1. Sounds very difference from the Bali what we experienced years ago right after the Kuta beach bombings:

    … but their annoying visa rules still exist. Making visa-runs is something we have stopped doing. It is better to leave when you are no longer welcome to stay.

    • SandyDiBali says:

      I’ve read your blog article “Global Nomad couple”, and I’ve been sad to see which arrogant and insulting tune you’re using.

      End of visa doesn’t mean that you are not welcome anymore, it is a way to regulate immigration and illegal business.
      All countries have limited visa stay, usually 3 months, Australia you even need to order the visa before arriving on the land or you will be refused the access.

      Many many westerners work illegally in Bali and Indonesia, it is an effective way to spot them.
      Alos you might find it is a way to use tourists as milk cow. Tourists spend an average of 180$ per day, way over the average monthly salary.
      Nobody really complain about the 25$ renewal or 100$ compare to the opportunity it gives to enjoy such an easy lifestyle.

      You spent 1,5h to negociate over 5$? I can understand very well to not appreciate being cheated, trust me no problems with that and you had the right to be upset, but you say yourself that it was after bombings, locals were desperate, and you negociate over 5$ (with which a local can buy 3 meals).

      You did not learn much during your travels, did you?

      To finish, your last comment, even if not being totally wrong, is wrote in a way pretty shocking. It is not only indonesians, it is all Muslims people who do not eat their left hand, this one being “makruh” for hygienic reasons. It is also the case for billions of people in the world who are too poor to have access to westerns toilets and get used to grow up this way.

      • Cruelladephil says:

        I couldn’t have said it better myself. Actually, I could, but the points you make are sound and relevant. Quite why people like ‘The Global Nomads’ travel at all is beyond me.

  2. I’ve been dreaming of living in Bali. Thanks for the great tips!

  3. I’m living in Bali as a freelancer at the moment, and I have to say it’s great! Sure the internet can be a bit woeful, but if you look around there’s many cafes/co-working spaces where you can find good internet most of the time. I have paid about $200 a month for a co-working space, as I found that working in cafes was too distracting, especially for interviews (I’m a journalist).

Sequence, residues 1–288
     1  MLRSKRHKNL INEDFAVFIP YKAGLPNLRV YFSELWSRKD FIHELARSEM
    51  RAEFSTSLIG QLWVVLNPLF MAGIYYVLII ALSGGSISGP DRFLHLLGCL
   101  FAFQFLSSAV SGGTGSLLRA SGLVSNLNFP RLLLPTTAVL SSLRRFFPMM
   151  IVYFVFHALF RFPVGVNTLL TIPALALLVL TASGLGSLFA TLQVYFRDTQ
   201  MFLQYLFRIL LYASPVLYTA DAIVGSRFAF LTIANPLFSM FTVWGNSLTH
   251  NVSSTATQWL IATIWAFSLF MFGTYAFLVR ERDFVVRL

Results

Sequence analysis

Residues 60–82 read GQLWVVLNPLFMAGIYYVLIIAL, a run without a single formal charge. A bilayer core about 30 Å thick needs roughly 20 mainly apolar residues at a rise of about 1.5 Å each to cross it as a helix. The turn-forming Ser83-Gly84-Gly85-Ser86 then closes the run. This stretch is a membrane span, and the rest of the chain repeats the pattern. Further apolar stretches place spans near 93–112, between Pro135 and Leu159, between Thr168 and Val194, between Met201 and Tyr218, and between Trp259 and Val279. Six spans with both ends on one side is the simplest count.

The traffic might be a concern if you live somewhere busy definitely. I’m based in Canggu – about 15 minutes out of Seminyak – and the lack of traffic is blissful! So is being near the beach – usually start the day with a surf or some yoga which definitely makes the working part of the day a lot easier.

    There are tonnes of digital nomads in Canggu, and lots of creative types. I would highly recommend it.

    Have also not had any worries making Skype calls – as long as I choose a place with good wifi. I’m Australian, so the timezone is also great, as it’s only usually two hours apart from the people I”m calling.

    This might help anyone who’s thinking of doing the same:

    • Sandy says:

      Thank you so much for the info Larissa!
      I’m a e-psychologist digital nomad. I do my consultations via videoconferencing.

      I was in Canghu June, July, August 2013 for surfing and work.
      I must admit, working was almost impossible do to weak internet connection.

      Reading your post I’m thinking things might have changed?
      I’d like to come back in April again for surfing and give a other go at working from Bali.

      Can you help me get contacts to co-working spaces? That would be so helpful and much appreciated! Thank you so much!

  4. Ivor says:

    I also spend time in Bali as a ‘part-time-digital-nomad’.. Internet has gotten so much better compared to some years ago! New co-working spaces seem to appear each month, but until now i’ve decided to work from ‘home’ there, with a dedicated connection (50mbit up&down).

    If you are looking for a coworking space, this article might be helpful;